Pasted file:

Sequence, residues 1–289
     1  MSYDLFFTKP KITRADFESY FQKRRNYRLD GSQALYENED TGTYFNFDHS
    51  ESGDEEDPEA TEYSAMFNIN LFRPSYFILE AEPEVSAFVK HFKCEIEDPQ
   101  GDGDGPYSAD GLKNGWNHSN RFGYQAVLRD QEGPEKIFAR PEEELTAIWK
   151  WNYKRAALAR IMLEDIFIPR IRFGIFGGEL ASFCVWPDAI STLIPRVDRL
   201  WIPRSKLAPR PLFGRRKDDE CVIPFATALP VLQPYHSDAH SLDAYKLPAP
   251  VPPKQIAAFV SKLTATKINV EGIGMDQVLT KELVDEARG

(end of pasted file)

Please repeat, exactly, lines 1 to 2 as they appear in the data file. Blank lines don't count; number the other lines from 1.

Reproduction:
Sequence, residues 1–289
     1  MSYDLFFTKP KITRADFESY FQKRRNYRLD GSQALYENED TGTYFNFDHS